Monsanto executives optimistic about future growth

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Photo by Darrell Hoemann/Big Ag Watch

Apgar Farms representative Tom Austin demonstrates some of the data available on Monsanto's The Climate Corporation app on June 10, 2015.

The recently announced mega deal that puts Syngenta AG in the hands of a new owner has left some analysts questioning Monsanto’s role in an agribusiness industry that is rapidly becoming more consolidated.

The major business moves first started in December when Dow Chemical Company and DuPont agreed to a $120 billion merger that will result in a separate agribusiness.

Then – just days after Monsanto shareholders met in Creve Coeur, Mo., on Jan. 29 for the company’s annual meeting – Syngenta reportedly struck an agreement with the state-backed China National Chemical Corporation for $43 billion.

“Syngenta is the world leader in crop protection having significant increased its global market share over the last 10 years,” said John Ramsay, the Swiss-based agrochemical company’s CEO, in a statement. “This deal will enable us to maintain and expand this position, while at the same time significantly increasing the potential for our seeds business.”

Monsanto previously tried to acquire Syngenta with a $47 billion offer of its own. That offer also included a breakup fee if the proposed deal hit regulatory snags.

The seed company’s failed attempt also comes after an announcement that Monsanto will cut more than 3,000 jobs in search of savings.

Nonetheless, top executives say they remain optimistic.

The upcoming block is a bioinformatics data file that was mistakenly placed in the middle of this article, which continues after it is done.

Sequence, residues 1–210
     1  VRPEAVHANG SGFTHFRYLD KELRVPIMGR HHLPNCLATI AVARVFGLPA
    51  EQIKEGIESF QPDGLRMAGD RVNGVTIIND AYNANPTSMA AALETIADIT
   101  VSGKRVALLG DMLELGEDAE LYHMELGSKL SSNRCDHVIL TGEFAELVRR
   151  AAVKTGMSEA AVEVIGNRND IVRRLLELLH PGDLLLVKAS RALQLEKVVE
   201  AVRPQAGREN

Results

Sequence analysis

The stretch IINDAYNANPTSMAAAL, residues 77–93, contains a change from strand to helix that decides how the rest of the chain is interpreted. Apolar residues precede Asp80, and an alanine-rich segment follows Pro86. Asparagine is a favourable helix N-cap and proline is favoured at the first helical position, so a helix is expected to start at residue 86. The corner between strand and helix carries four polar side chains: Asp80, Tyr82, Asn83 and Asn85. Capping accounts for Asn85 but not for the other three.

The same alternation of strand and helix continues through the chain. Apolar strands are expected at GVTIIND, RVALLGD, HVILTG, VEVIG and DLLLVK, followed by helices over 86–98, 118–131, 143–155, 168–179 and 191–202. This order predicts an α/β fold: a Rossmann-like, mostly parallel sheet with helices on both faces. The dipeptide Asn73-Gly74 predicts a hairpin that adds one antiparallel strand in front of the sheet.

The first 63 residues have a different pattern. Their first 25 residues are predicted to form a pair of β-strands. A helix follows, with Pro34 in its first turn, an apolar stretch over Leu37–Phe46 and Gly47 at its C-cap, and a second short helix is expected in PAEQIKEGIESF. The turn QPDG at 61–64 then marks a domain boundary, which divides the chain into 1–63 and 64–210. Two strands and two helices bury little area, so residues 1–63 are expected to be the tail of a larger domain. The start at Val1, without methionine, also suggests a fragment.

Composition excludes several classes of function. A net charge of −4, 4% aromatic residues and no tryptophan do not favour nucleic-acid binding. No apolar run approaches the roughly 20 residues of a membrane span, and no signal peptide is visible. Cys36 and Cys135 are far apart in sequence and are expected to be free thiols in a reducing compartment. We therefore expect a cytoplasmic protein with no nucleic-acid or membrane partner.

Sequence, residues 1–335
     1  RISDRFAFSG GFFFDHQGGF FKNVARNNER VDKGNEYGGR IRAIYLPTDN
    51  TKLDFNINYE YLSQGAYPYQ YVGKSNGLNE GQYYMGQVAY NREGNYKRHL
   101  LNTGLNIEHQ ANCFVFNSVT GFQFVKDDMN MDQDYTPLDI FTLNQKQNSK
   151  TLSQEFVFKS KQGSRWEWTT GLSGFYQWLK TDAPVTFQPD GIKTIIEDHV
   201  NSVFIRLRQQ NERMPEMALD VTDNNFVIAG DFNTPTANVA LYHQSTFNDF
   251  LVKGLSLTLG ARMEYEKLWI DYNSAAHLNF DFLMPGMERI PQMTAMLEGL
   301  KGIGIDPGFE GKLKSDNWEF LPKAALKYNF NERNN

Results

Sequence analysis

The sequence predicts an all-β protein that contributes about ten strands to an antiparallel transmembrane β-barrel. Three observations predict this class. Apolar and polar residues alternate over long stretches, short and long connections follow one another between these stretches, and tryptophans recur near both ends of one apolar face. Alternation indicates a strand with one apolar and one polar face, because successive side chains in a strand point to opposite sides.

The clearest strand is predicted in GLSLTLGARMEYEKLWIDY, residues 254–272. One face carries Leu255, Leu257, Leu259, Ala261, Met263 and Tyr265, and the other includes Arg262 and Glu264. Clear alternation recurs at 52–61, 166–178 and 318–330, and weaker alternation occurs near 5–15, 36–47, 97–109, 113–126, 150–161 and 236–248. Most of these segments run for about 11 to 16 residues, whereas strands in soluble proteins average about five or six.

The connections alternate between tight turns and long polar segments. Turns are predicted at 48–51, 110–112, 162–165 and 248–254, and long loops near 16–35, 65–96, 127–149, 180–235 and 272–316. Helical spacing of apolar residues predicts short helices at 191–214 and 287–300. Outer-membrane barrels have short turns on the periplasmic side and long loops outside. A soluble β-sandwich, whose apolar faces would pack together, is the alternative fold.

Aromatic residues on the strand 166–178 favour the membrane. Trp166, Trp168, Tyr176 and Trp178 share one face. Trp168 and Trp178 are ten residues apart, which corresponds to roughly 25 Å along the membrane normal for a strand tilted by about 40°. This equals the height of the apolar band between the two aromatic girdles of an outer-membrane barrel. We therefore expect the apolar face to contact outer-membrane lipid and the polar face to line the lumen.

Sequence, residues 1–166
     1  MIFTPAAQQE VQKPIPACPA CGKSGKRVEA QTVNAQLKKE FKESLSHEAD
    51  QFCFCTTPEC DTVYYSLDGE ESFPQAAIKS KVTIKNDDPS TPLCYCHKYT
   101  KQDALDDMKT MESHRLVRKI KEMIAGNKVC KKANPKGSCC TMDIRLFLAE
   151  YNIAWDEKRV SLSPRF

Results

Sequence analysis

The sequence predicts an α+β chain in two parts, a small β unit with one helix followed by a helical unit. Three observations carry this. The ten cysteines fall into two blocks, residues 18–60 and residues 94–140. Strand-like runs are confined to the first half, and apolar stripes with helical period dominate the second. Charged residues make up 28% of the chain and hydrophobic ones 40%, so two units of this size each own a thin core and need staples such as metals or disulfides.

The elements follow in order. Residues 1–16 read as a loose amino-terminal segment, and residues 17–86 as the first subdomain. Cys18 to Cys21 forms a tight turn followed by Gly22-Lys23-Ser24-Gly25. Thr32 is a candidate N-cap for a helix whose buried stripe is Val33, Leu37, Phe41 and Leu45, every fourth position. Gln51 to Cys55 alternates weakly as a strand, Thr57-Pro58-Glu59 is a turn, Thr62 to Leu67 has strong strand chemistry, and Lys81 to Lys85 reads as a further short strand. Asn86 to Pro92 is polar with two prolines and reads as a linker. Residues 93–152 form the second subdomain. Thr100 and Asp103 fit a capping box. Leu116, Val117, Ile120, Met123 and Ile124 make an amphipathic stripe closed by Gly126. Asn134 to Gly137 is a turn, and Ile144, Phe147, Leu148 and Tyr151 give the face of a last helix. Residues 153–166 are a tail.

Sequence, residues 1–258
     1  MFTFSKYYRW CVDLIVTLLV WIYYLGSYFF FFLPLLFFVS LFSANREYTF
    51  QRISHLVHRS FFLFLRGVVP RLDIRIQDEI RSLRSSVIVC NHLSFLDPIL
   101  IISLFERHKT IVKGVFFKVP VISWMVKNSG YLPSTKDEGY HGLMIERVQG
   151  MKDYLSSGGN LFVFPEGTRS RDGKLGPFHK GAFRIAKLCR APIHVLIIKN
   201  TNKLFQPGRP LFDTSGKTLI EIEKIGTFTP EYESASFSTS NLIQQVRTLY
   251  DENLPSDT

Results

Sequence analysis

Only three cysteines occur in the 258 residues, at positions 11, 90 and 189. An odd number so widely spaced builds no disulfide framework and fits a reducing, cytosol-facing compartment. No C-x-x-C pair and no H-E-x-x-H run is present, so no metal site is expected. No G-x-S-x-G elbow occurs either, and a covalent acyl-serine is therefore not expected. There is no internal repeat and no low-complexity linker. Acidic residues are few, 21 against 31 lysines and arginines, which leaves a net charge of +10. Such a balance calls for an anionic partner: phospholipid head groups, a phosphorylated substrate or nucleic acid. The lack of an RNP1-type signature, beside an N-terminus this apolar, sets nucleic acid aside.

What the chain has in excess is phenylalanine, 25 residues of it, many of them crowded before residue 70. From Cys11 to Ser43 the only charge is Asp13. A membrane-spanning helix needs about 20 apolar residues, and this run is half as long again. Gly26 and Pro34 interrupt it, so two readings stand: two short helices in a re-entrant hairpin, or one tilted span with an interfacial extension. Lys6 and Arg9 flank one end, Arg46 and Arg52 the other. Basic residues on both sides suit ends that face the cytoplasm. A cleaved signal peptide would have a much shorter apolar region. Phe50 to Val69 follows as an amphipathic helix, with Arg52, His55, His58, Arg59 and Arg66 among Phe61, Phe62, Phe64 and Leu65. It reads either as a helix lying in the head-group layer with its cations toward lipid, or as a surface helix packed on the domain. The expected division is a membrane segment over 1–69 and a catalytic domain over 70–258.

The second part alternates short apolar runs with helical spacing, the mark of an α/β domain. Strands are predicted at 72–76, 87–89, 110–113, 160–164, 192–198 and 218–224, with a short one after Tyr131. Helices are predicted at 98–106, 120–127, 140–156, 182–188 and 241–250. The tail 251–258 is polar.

“There’s been a lot of discussion in the industry on consolidation, and we continue to believe there’s room for further consolidation,” said Monsanto President and Chief Operating Officer Brett Begemann during the shareholder meeting. “We are the best potential partner in an industry that is changing.”

As proof, company officials touted Monsanto’s multibillion-dollar sales projections for its research and development pipeline, which includes a type of higher yielding corn produced in collaboration with German chemical company BASF and the next generation of the Roundup Ready platform.

Monsanto estimates its R&D pipeline is valued at about $25 billion in peak net sales.

Other products in the works include new technology that uses microbes to improve crops’ ability to access vital nutrients. Monsanto is also working on a technology that uses gene interference to protect bees from harmful mites.

“I like where we sit today,” Begemann said.

Even though Syngenta may have snubbed Monsanto in favor of ChemChina, business filings show the American seed company has typically outsold the Swiss agrochemicals corporation in recent years.

That was especially true in each company’s 2015 reporting period, as Monsanto reported net sales of slightly more than $15 billion, about $2 billion more than Syngenta.

Business filings show that Monsanto not only sold more, but was more profitable, as well. Monsanto netted about $1 billion more than Syngenta last year.

Despite optimism, some investors may view the fact that Monsanto couldn’t convert on a takeover attempt four years in the making as a sign of diminished stature in the agribusiness sector.

It doesn’t help that in its most recent annual filings with the U.S. Securities and Exchange Commission, Monsanto noted that “our competitors’ success could render our existing products less competitive.”

Recent reports speculate Monsanto could seek to shake its vulnerable perception by further allying itself with BASF, though the German company hasn’t indicated a likeliness to sell any of its pesticide business.

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